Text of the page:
Places to see in London Holborn
For the sheer amount of secret London crammed into the smallest possible space, Holborn takes first prize. There is as much to do in this one little area as there is in the rest combined, and we recommend checking out as much of it as you can. You could grab a coffee in Betterton Street’s famous Poetry Café, get a French onion soup on Sicilian Avenue and wonder at the marble architecture, grab a pint in The Ship (if you can find it! Clue; it’s next door to Holborn Station), walk through the Inns of Court for a romantic sojourn, get another pint in the cavernous and antiquated Knights Templar pub on Chancery Lane, go bowling at the All Star Lanes or have the most authentically Victorian drink you’re ever likely to have in the Princess Louise on High Holborn.
Recommended Attraction in Holborn
But our one must-do activity is to visit one of England’s (and indeed the whole world’s) most important churches: Temple Church. Built in 1185, this church was the home of the Knights Templar and was where they marched from to go on their crusades in the Middle East. It’s tucked away just off the bustling thoroughfare of Fleet Street (if you’ve seen The Da Vinci Code then you’ll recognise it) and is free to go in and have a look around. If you fancy it, they do a great organ recital, too!
Holborn Attractions List
The attractions in Holborn are all within easy walking distance of each other, which makes the area easy to explore. The below itinerary has a selection of some of the best things to see in Holborn. Make sure you use our Holborn hotel booking service to book yourself an affordable place to stay.
Starting at the north of the area you’ll find Doughty Street at the Charles Dickens Museum. Charles Dickens lived here from 1837 until 1839 and it’s his only surviving London home. it was opened as a Museum in 1925 and is still welcoming visitors from all over the world! There are four floors on which you’ll find paintings, rare editions, manuscripts, original furniture and many items relating to the life of one of the most popular personalities of the Victorian age.
Address: 48 Doughty Street, London WC1N 2LX
Phone: 020 7405 2127
This is the October Gallery. It was the first London gallery to exhibit cutting-edge contemporary art from all cultures around the planet. It’s a leading pioneer of the ‘Transvangarde’ (meaning the shape of things to come) so if you love art, you’ll be inspired here!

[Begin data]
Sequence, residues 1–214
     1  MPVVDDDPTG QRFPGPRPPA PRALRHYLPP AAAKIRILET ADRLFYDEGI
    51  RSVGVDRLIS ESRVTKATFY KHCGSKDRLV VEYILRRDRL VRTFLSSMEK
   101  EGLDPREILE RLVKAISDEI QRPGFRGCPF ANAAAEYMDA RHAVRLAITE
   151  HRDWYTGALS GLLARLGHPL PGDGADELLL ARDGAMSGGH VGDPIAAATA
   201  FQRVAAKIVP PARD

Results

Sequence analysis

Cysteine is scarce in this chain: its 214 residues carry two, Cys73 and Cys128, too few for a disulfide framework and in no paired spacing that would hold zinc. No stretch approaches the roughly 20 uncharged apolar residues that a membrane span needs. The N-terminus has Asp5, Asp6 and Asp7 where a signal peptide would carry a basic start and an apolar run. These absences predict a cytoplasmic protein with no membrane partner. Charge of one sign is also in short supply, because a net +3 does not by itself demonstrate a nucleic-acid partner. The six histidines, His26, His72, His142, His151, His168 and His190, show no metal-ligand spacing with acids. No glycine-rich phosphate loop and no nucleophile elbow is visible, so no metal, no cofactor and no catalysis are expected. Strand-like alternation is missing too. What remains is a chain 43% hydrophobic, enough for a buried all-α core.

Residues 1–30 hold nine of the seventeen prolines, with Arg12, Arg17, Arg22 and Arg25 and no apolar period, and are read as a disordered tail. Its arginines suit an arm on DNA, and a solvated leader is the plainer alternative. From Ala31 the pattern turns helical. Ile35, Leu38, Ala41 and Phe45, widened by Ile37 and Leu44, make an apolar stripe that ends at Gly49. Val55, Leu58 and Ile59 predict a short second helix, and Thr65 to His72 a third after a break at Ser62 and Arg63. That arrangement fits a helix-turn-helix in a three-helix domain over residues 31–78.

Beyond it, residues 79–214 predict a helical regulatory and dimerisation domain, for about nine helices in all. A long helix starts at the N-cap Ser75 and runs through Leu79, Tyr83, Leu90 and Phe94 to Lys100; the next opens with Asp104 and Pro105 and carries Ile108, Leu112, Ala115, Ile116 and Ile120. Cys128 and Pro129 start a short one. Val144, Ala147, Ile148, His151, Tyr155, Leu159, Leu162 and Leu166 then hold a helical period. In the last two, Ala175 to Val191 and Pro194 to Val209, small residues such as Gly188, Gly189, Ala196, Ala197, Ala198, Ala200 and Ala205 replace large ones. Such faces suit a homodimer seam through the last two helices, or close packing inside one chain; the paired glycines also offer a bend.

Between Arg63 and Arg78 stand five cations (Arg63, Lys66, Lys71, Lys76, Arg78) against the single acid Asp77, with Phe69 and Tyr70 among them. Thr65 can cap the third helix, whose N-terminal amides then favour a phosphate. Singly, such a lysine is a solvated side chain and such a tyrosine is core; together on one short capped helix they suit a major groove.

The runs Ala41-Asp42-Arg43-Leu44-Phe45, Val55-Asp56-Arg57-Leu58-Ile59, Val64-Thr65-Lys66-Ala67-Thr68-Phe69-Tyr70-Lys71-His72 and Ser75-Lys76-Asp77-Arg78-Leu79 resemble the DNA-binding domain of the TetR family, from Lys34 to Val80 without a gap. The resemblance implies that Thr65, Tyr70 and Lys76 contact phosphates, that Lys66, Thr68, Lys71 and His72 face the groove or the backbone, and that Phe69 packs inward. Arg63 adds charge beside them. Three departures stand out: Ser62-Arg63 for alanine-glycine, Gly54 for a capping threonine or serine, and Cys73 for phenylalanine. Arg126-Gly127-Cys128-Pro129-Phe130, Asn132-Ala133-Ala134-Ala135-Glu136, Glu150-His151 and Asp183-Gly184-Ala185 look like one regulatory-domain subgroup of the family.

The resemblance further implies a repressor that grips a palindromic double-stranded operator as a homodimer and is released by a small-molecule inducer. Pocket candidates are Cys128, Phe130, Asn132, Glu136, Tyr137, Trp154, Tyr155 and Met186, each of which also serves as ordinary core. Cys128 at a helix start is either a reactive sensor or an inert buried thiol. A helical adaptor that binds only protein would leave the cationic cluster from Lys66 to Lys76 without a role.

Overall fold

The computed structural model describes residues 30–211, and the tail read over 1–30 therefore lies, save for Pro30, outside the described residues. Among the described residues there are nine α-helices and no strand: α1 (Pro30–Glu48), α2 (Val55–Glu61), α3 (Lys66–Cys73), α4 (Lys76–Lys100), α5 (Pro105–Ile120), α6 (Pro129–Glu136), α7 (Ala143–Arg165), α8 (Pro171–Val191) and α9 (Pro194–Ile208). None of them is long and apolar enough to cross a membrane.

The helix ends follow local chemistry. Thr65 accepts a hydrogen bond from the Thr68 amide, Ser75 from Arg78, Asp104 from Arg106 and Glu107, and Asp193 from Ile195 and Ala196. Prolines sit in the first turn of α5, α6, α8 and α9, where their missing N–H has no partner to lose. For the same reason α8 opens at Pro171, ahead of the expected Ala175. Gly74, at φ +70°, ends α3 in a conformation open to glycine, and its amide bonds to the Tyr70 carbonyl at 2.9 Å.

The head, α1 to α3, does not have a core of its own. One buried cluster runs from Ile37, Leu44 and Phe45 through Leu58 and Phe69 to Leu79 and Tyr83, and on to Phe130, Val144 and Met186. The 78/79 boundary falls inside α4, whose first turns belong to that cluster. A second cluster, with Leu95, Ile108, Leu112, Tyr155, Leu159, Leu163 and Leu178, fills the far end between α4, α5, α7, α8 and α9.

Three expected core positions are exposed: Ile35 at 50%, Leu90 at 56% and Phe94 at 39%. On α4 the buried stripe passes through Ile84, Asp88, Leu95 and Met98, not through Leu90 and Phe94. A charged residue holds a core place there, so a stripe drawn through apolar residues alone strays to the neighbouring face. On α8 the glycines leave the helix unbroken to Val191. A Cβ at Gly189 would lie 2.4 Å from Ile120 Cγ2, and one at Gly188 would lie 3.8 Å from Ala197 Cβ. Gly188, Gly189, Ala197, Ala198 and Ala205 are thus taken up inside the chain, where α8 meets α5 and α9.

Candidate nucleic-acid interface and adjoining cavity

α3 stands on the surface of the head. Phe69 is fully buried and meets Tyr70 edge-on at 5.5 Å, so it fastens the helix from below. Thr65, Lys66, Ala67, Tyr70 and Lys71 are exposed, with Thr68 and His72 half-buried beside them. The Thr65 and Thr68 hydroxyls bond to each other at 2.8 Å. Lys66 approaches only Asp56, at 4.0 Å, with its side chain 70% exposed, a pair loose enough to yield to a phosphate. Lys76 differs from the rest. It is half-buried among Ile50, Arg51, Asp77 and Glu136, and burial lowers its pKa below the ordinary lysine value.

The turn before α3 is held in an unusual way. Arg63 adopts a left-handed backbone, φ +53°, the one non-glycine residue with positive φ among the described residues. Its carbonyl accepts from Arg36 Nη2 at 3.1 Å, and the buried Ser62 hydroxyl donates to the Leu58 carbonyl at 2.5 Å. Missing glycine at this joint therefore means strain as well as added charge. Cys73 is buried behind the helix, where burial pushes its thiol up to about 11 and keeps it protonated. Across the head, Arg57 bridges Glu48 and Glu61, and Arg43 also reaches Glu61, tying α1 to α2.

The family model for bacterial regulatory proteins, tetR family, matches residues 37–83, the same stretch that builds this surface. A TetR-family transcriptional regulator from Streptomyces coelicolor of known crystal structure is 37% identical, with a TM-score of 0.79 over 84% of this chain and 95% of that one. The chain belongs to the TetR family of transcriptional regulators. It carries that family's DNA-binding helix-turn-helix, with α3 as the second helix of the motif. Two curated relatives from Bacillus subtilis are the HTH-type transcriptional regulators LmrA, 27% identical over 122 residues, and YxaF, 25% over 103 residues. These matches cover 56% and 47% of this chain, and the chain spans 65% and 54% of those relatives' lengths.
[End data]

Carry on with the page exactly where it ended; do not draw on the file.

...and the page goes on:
Address: 24 Old Gloucester Street, Bloomsbury, London WC1N 3AL
Phone: 020 7242 7367
Gray's Inn is one of London's four Inns of Court and was the last to be founded, in 1569. The hall's 16th century screen is said to be made from the wood of a galley from the Spanish Armada and has survived in tact! During World War II, Gray's Inn suffered serious damage, but much of it has been rebuilt. The garden here was once a convenient site for staging duels, but now it’s a quiet haven for lunchtime strollers.
Address: 8 South Square, London WC1R 5ET
Phone: 020 7458 7800
This is the unmissable British Museum which houses some fascinating collections. Why not marvel at the seven million objects that represent the history of human cultures? And be sure to take in the amazing Ancient Egyptian exhibition.
Address: Great Russell Street, London WC1B 3DG
Phone: 020 7323 8299
If you want to soak up the atmosphere of Holborn and take in a few shops, then you’ll be able to do that here, in High Holborn. Here you’ll find numerous shops, bars and cafés that are well worth a visit.
Address: High Holborn, London
Just off High Holborn you’ll find Leather Lane market. It sells everything from clothes and jewellery, to pot plants and household items - so you can browse and shop until your heart’s content.
Address: Leather Lane, Holborn, London EC1N 7TP
This is Lincoln's Inn Fields - the largest public square in London. It’s thought to have been one of the inspirations behind Central Park in New York. Prior to development, the area was made up of two irregular shaped fields. It was laid out in part by Inigo Jones in the early 17th century, and opened to the public after its acquisition by London County Council in 1895.
Address: Newman's Row, London WC2A 3TL
Phone: 020 7974 1693
This is Sir John Soane’s Museum. Soane was born in 1753 and died in 1837 after a long and distinguished career. Soane designed this house to live in, but also as a setting for his antiquities and his works of art. After the death of his wife in 1815, he lived here alone, constantly adding to and rearranging his collections. He established the house as a museum and wanted 'amateurs and students' to have access.
Address: 13 Lincoln's Inn Fields, London WC2A 3BP
Phone: 020 7405 2107